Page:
11 the presence of hepatitis A, B, and C, an (possibly) HIV, and she/he will also order blood tests to evaluate the health of your liver (Liver functions tests, a.k.a., LFTs). The physician will probably prescribe an injection of immune globulin, as well. This should be given within 14 days of the exposure. It is not needed if at least 1 dose of hepatitis A vaccine was given at 1 month before the exposure. Follow-up care to determine if an infection develops and to make sure you are healthy will be arranged. If you were definitely exposed to hepatitis B, or it has been decided that there is a strong possibility of an exposure, the treating physician will order blood tests that measure the amount of viral DNA, the number of anti-hepatitis B antibodies, and specific parts of the virus (antigens) that are in the blood. Liver functions tests will be done and if they have not been previously done or there is a specific need to do so, tests for the presence of hepatitis C and HIV may be performed. If you have been vaccinated against hepatitis B and the vaccine has produced an adequate level of antibodies against the virus, you would be considered a known responder and no treatment would be needed. If you had not been vaccinated or your antibody response was less than optimal, you would be given hepatitis B immune globulin and the hepatitis B vaccine. The source of the exposure would be checked, but everyone who was exposed who was not vaccinated would be treated, even if the source did not test positive for hepatitis B. The hepatitis B immune globulin should be given within 24 hours of an exposure and the vaccination series should be started within three days of an exposure. The hepatitis B immune globulin is given a one-time injection. The hepatitis B vaccine is a series of three injections: one at the time of the exposure, the next at one month post-exposure, and the third at six months post-exposure. If you were definitely exposed to hepatitis C, or it has been decided that there is a strong possibility of an exposure, you would be tested fort the presence of hepatitis B, C, and (possibly) HIV. Liver function tests would be done. There is no treatment that can prevent an infection with hepatitis C from developing. However, once an infection has occurred there are treatments that can eliminate the virus, so the patient will need to have close medical follow-up in the weeks and month after the exposure. If the infection is detected soon after it begins, the available medications will eliminates the virus in approximately more than 90% of all new cases of infection. Approximately 25% of all people who are infected will spontaneously clear the virus. HEPATITIS A, B, AND C: A SUMMARY OF THE DIFFERENCES AND SIMILARITIES All three of the hepatitis viruses cause infection and inflammation of the liver. The signs and symptoms of an infection with hepatitis A or B happen relatively soon after an infection develops. The signs and symptoms of an infection with hepatitis C may take years or decades to develop. Hepatitis A is transmitted via the fecal-oral route. Hepatitis B and C are transmitted by contact with infected blood and to a lesser degree, sexual activity.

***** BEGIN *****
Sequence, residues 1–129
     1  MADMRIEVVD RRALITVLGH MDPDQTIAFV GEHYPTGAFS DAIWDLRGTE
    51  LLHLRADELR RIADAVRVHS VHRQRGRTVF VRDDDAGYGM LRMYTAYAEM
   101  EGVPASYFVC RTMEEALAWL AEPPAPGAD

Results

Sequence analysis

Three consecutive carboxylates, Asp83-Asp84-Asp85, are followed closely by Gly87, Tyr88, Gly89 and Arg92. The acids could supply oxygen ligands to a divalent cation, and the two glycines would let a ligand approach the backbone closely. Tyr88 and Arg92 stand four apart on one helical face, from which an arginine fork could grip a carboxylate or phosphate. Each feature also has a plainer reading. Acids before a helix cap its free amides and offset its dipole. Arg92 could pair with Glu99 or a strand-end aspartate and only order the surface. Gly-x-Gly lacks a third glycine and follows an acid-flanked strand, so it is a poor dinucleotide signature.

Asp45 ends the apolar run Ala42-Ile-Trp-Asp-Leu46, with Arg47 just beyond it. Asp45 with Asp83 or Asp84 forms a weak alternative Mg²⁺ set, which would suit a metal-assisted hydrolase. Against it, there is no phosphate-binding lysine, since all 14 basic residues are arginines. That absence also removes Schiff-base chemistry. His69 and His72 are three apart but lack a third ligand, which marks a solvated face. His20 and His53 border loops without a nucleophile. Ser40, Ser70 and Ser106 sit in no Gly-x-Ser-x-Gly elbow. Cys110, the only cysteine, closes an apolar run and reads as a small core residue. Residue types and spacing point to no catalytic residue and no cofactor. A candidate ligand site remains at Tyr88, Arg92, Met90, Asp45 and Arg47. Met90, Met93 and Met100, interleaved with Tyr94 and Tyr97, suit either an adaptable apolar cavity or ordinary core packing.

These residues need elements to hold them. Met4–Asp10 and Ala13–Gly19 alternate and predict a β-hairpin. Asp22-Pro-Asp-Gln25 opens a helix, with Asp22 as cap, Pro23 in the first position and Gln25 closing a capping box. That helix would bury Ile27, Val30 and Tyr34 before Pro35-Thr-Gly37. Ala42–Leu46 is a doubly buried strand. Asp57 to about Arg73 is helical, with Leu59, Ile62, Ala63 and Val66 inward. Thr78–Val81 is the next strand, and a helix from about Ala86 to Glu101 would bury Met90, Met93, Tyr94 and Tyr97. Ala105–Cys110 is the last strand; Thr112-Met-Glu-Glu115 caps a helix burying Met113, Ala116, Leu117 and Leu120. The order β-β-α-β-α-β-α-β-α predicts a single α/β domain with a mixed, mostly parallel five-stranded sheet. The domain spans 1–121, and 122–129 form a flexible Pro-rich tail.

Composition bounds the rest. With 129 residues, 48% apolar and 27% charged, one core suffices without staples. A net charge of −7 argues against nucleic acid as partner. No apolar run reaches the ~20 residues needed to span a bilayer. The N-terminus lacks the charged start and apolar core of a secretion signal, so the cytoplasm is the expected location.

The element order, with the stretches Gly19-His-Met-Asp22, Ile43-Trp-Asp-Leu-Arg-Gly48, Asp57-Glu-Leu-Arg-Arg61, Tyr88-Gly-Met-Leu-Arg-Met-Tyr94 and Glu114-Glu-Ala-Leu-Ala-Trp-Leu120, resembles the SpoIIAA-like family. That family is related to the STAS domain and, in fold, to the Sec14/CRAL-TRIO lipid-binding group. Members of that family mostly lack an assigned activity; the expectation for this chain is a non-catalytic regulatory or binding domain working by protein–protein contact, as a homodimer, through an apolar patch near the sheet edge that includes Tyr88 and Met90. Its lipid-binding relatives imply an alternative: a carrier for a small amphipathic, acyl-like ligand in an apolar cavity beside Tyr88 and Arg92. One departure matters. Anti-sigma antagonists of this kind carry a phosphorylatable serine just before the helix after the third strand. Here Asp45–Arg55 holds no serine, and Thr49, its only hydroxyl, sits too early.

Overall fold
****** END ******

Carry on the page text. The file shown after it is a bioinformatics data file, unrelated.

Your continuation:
12 Sexual transmission of these hepatitis viruses is possible, but it is not considered to be a highly efficient or likely mode of transmission. There are vaccines available that can prevent infection with hepatitis A and B. There is no vaccine available that prevent an infection with hepatitis C. There are specific medications available for treating an infection with hepatitis C. A hepatitis A infection is treated with symptomatic and supportive acre, and a hepatitis B infection is treated with symptomatic and supportive care. Hepatitis A rarely causes death or serious heath consequences. Hepatitis B and C are associated with much higher fatality rates than hepatitis A and serious complication such as cirrhosis and liver cancer are relatively common with an infection with hepatitis C. Hepatitis A infections are uncommon. Infections with hepatitis B and C are very common. Infection with hepatitis A, B, and C can be prevented by conscientious use of Standard Precautions and Safe Injection Practices.